Interview with Nana Visitor: Inspiration for Today and Hope for the Future. (Part 2)
The character of Major Kira is one of Star Trek’s most realistic and thought-provoking because of its depth and constant evolution, including the portrayal of a former rebel soldier struggling with post-traumatic stress.
Can you please share your thoughts on the evolution of Major Kira throughout the 7-year run of Deep Space 9 and if there were any people, either real or fictional, that you used as inspiration for your portrayal of your character?
I had a way of thinking about Kira. She was representative of a person in circumstances that have happened across time and around the globe. The way I act is to drop a way of seeing the world, values, and thought patterns, into my brain and letting that inform me. Then I add the particular circumstances the character is in.
Then, I consider one person in the past that these same circumstances happened to, and think I must be true because it’s an honor to tell their story. Then I think about this character I’m playing that only gets to live in 3-minute intervals (while a scene is filmed), and what I owe this character in terms of bringing everything I am at the moment so that she has the opportunity to live her story. Then I consider someone who I never met, sometime in the future, someone who for some reason needs to hear this particular story. In that way, I feel grounded in the past, present, and future. And that gives me a huge purpose.
I’m Big on flow states and one of the most important things to get you there in work is purpose. Those people, two not fictional, but still unknown to me , and my responsibility for my character’s life, are what inspire and motivate me.
Did you realize from the onset what an opportunity the character of Kira was to showcase the power and independence of femininity, or did that develop over time?
I did realize the opportunity- I was so hungry for it. I played, along with other women of my time period, the killer of the man, the victim of the man, the mother(at thirty I was 5 years older than my son!) wife, daughter…
When I read the script , I called my manager to say there was a mistake- this was a man’s role. I was so energized by the fact that it was not. Even though science fiction was known to be a career killer in those days, I wanted to be Kira. I got a lot of negativity for my portrayal, people who said I shouldn’t be angry, tough, etc, that I did women a disservice by trying to play her “like a man.” But what I was playing was how my body and mind would react to having Post Traumatic Stress (PTS), not some idealized version of how one might hope a female should act, but my very individual subjective truth. Using my 3 females-throughout -time thought to keep me purposeful, I kept my head down and carried on anyway.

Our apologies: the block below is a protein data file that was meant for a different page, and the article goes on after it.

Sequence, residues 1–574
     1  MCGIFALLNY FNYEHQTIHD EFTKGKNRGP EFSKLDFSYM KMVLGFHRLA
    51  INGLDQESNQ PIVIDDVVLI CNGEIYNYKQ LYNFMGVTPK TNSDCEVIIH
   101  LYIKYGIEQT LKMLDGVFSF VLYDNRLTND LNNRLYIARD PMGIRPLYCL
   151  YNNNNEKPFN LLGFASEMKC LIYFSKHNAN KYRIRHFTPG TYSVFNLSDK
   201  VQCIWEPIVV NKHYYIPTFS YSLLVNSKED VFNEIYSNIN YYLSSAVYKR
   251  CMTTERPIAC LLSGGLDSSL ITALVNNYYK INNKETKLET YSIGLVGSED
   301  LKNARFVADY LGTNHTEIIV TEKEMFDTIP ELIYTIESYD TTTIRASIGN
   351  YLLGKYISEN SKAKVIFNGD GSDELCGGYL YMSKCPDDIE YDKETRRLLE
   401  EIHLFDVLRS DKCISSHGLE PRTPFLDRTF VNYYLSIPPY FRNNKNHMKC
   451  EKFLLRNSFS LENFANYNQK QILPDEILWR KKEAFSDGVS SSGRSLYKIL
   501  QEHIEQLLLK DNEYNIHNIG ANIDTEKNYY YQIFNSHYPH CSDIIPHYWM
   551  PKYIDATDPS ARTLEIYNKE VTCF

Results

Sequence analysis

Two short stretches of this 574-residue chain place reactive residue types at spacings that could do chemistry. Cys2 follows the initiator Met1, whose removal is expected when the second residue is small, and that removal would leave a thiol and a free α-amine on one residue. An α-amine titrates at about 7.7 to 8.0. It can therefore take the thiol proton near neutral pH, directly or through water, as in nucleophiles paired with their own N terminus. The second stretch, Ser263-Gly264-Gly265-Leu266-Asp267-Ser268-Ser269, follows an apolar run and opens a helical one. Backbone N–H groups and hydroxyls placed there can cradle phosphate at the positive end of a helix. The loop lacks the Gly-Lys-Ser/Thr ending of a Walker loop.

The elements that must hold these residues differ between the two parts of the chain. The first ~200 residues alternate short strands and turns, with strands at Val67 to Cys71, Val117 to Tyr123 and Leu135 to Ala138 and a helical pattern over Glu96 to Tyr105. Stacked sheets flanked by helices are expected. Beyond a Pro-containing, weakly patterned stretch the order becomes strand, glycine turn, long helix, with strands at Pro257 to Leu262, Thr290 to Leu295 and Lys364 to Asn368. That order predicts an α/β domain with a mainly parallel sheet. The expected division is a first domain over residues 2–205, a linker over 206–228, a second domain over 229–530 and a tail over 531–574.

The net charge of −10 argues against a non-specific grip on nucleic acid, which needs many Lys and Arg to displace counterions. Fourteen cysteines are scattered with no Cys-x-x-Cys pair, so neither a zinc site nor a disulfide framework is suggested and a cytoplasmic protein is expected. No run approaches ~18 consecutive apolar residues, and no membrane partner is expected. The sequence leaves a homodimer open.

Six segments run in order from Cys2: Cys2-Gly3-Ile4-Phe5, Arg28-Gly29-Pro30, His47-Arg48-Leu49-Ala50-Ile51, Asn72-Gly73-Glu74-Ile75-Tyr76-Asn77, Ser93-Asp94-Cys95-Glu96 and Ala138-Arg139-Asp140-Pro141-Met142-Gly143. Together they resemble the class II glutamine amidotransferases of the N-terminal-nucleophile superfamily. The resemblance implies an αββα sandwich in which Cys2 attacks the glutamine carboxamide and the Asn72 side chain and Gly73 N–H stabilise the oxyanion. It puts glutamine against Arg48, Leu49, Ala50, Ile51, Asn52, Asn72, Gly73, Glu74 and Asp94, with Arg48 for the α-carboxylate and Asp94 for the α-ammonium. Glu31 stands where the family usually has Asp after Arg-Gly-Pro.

A few years ago, when Netflix started carrying the show, I noticed a huge shift. I was at a convention and a boy around 15 wanted my autograph, saying he loved Major Kira and thought she was cool. This started to happen a lot. In 1994, in the middle of shooting a season, I was kidnapped and raped by two men. That night left me with a deep moral injury separate from the rape, and I learned how accurate my portrayal of Kira’s struggle with PTS was by developing a case of it myself. It would take me way longer than 7 years to get healed, however, and I do consider that by the end of our run Kira was an integrated soul once more.
The interplay between Kira and Dukat was psychologically intricate. How would you qualify the evolution of their relationship?
And as for Dukat, I imagine her healing included an acceptance of his personhood, that she could see shades of grey in his character rather than just black and white, but that would be due to her growth, not his evolution. I always thought that, very clearly in her mind, was the thought “never forget” whenever she dealt with him.
What advice would you give young Costa Ricans, particularly girls, who are interested in exploring careers and science, engineering, and technology?
I would have a lot to wish them, but one thing I would say is what I think they must be told constantly already. It’s an all hands on deck moment. The shift in our world will need ALL the bright minds in science, engineering and technology, but we particularly need women to add their viewpoints, their algorithms, their observations and their life experience to make all of it work for all of us, not just some of us. Both men and women will benefit in the long run from their inclusion.
I also know that all work, especially work that has purpose beyond oneself, is actually the true source of having a rich happy life. When you have experienced the joy of losing track of time, feeling as if your work is effortless, feeling connected to yourself and others, you are feeling a level of flow state. It’s like running a little faster than you thought possible, almost falling but you’re not- that feeling comes from becoming an expert in a challenging field. Endless engagement- with yourself, your work and others. Not that there isn’t struggle or dark days, but you can contextualize your struggle by realizing what you are doing is essential to us as a species.
Strong purpose and self motivation will lead us to places I can’t imagine now. I always remind myself, and I still can’t believe it was in my lifetime: I was on the set of Ops talking to someone on some planet through my communicator and said in the break- “ Can you imagine if we had these??” Every time I send a Cameo out I imagine what screen I’m going to appear on in their home or office. I personally can’t wait to see what these young women come up with for our future.
Bruce Callow is a Canadian teacher and co-author of the book To the Stars: Costa Rica in NASA. He does space education outreach work on behalf of NASA.